Appelfeld, who wrote more than 40 books, all in Hebrew, was haunted by the Holocaust, but he hardly ever wrote about the camp experience, instead concentrating on the event's historical margins. Typical of Appelfeld's work is his novel, Badenheim 1939 (1975, tr. 1980), which details the agreeable Austrian vacation of a Jewish family as they ignore the portents of impending tragedy. Among his other translated novels are The Age of Wonders (1978, tr. 1981), Tzili (1982, tr. 1983), To the Land of the Cattails (tr. 1986), Katerina (1989, tr. 1992), Iron Tracks (1991, tr. 1998), Laish (1994, tr. 2009), Until the Dawn's Light (1995, tr. 2011), The Conversion (1998, tr. 1999), Suddenly, Love (2003, tr. 2014), Blooms of Darkness (2006, tr. 2010), and The Man Who Never Stopped Sleeping (2010, tr. 2017).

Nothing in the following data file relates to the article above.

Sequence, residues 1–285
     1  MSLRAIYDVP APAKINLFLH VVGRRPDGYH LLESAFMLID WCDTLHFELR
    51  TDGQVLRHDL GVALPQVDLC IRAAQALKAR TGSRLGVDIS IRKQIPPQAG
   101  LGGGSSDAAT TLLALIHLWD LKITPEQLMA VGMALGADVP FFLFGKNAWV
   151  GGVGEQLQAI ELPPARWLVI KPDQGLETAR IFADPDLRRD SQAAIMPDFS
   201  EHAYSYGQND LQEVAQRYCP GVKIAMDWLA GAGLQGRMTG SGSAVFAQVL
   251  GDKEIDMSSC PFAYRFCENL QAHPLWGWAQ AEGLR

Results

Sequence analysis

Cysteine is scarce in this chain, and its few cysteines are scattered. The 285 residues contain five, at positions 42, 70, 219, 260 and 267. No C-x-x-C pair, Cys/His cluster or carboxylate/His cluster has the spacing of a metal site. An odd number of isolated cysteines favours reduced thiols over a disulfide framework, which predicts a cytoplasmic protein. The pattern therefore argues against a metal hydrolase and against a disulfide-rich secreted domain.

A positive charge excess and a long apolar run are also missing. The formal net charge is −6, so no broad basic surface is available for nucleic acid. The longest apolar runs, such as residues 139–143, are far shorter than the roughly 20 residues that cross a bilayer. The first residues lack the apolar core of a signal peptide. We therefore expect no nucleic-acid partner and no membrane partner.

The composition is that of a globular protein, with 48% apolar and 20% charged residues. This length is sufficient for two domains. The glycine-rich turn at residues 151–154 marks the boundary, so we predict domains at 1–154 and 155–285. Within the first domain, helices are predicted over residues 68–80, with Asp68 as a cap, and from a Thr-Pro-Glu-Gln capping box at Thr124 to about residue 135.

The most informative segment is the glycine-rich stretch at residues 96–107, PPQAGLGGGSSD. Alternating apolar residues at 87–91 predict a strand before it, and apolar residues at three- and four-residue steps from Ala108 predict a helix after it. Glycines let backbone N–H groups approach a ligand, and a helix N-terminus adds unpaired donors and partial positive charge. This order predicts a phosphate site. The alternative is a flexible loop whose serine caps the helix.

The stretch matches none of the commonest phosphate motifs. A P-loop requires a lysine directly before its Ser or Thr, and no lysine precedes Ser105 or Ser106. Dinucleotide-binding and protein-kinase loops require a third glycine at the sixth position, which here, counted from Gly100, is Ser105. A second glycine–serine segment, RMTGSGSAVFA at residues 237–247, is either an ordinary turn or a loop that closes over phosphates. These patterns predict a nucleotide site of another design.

See his Beyond Despair: Three Lectures and a Conversation with Philip Roth (1994) and his memoir The Story of a Life (2004); studies by G. Ramras-Rauch (1994), Y. Shvarts (2001), and M. Brown, ed. (2002).
The Columbia Electronic Encyclopedia, 6th ed. Copyright © 2012, Columbia University Press. All rights reserved.
See more Encyclopedia articles on: Hebrew Literature: Biographies